Are legislation and regulation a viable means of making people and organizations do better at securing data systems and devices? I’m not talking about FIAT the car maker, but fiat: “an official order given by someone who has power.” How’s that working in light of NIST CSF and HIPAA?
Governments around the world are recruiting “cyber warriors” to fight against the growing threat of both cybercrime and state-sponsored attacks – but there aren’t enough experts to go round.
A new cyber defense force is being set up in the UK to protect critical private and government computer networks from attack – “if necessary, to strike in cyberspace,” Britain’s Defense Secretary Philip Hammond has said.
New hi-tech cyber attacks could threaten energy supplies, “wearable” computers – and even medical implants, according to a study conducted by Europol’s European Cybercrime Centre (EC3) and the International Cyber Security Protection Alliance (ICSPA).
A hi-tech spoofing attack took “remote control” of a 213-foot yacht – steering it off course, without anyone touching the steering wheel.
NASA is no stranger to peering into nebulae in space – but the space agency found itself perplexed by the more Earthbound puzzle of cloud computing security, according to a report by the Office of the Inspector General.
What needs to happen before the President of the United States can stand before the American people and assure them that a comprehensive and good faith effort has been made to stop cyber attacks disrupting the delivery of essential goods and services? The NIST workshops are seeking answers to that question.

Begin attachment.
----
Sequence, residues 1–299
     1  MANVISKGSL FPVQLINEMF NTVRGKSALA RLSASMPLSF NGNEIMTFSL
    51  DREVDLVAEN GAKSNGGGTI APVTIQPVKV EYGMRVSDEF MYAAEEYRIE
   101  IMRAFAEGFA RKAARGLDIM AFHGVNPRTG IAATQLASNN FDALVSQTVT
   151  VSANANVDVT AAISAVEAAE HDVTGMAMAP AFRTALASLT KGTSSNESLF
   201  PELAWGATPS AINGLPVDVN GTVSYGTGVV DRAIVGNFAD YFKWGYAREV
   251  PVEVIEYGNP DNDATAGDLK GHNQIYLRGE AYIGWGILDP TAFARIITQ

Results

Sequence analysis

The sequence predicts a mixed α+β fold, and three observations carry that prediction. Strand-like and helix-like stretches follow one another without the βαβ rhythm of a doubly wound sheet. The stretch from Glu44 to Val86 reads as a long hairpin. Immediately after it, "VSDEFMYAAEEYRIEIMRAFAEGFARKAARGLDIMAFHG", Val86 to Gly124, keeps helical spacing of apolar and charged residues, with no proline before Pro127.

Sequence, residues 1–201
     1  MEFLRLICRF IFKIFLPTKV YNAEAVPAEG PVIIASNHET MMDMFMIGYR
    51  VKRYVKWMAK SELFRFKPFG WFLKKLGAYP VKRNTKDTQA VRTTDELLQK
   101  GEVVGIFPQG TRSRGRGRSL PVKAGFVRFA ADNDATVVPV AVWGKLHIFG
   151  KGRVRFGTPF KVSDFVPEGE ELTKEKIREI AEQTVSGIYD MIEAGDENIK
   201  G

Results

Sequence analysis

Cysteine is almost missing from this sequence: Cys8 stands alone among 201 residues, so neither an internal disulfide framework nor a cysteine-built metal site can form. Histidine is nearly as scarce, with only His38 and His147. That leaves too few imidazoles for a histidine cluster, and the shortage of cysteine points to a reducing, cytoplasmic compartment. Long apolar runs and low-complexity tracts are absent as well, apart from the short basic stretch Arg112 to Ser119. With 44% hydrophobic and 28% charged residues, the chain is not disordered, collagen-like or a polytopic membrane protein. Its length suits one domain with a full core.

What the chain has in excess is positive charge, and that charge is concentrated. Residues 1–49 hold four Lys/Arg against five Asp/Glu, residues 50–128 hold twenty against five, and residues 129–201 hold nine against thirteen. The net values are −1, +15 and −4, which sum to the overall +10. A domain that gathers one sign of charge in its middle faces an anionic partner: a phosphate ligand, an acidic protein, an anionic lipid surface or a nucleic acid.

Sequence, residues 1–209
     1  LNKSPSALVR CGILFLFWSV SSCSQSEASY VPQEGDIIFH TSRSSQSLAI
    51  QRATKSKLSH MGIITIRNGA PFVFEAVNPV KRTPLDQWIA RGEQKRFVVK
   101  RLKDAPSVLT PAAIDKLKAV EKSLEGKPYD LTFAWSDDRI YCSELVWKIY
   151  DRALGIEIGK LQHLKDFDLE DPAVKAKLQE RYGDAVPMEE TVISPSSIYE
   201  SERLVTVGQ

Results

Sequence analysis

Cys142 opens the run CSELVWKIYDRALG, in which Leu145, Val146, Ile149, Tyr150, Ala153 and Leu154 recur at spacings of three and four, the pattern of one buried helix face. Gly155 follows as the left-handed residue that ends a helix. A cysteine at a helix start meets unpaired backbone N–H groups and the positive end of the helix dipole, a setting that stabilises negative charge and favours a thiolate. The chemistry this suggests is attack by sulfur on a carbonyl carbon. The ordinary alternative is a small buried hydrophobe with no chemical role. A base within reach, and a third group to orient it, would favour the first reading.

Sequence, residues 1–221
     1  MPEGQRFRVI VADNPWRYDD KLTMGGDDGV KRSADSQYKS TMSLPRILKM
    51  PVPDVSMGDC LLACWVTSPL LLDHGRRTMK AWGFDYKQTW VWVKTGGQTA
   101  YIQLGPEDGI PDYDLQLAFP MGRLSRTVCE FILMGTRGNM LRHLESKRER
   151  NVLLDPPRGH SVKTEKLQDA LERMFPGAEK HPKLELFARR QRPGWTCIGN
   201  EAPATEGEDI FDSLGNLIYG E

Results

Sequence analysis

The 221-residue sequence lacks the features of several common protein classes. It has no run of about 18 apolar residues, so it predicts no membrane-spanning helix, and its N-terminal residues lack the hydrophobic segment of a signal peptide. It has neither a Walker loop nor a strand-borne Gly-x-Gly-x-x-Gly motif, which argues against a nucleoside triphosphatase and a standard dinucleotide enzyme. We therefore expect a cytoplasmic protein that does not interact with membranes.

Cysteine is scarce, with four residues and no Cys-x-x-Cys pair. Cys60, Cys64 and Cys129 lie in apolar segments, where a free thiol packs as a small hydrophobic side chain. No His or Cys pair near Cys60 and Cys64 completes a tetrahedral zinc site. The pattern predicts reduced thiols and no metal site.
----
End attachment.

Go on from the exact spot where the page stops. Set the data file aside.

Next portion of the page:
Browser security warnings can work to protect users from phishing and malware sites – but “warning fatigue” means important alerts over site security can be conmpletely ignored.
A new biometrics system could “read” blood vessels under the skin using thermal imaging cameras – a system which its inventors claim would be “almost impossible to spoof.”
A Kremlin security agency has ordered $15,000 of electric typewriters – sparking international gossip about a return to “old school” security measures.
Governments around the world are recruiting “cyber-mercenaries” – groups of skilled cyber professionals who target institutions such as banks and energy companies, British politicians have warned.
A U.S. Government department threw away IT components including printers, computer mice and keyboards in an effort to root out a “sophisticated” and “persistent” malware threat – which did not exist.
Cybercriminals have targeted U.S. energy companies with a wave of brute force cyber attacks, according to the Industrial Control Systems Emergency Response Team (ICS-CERT).
Every month, around 70 sophisticated cyber espionage campaigns target government or industry networks, Sir Iain Lobban, head of Britain’s GCHQ spy agency said.
Yahoo defended its plan to recycle inactive user IDs this week, saying that it had put in place safeguards to prevent the recycled usernames being used for identity theft.
A simulated cyber attack with the Hollywood-esque title Quantum Dawn 2 will bombard the defenses of American banks on June 28 – in an exercise designed to test how Wall Street would endure a sustained hi-tech assault.
The British government has launched the first stage of a £4 million ($6.1 million) campaign to educate consumers and small businesses about the dangers of cyber crime.
Cyber attacks are damaging the world economy, a former White House official has warned, and leading economies need to put aside political differences to deal with the threat.
British Prime Minister David Cameron has been warned that telecoms equipment made by Chinse firm Huawei should be tested by security services to protect against cyber attacks.
Designs for more than two dozen advanced weapons systems have been compromised by hackers, according to a report prepared for the Pentagon. The hackers are said to be Chinese.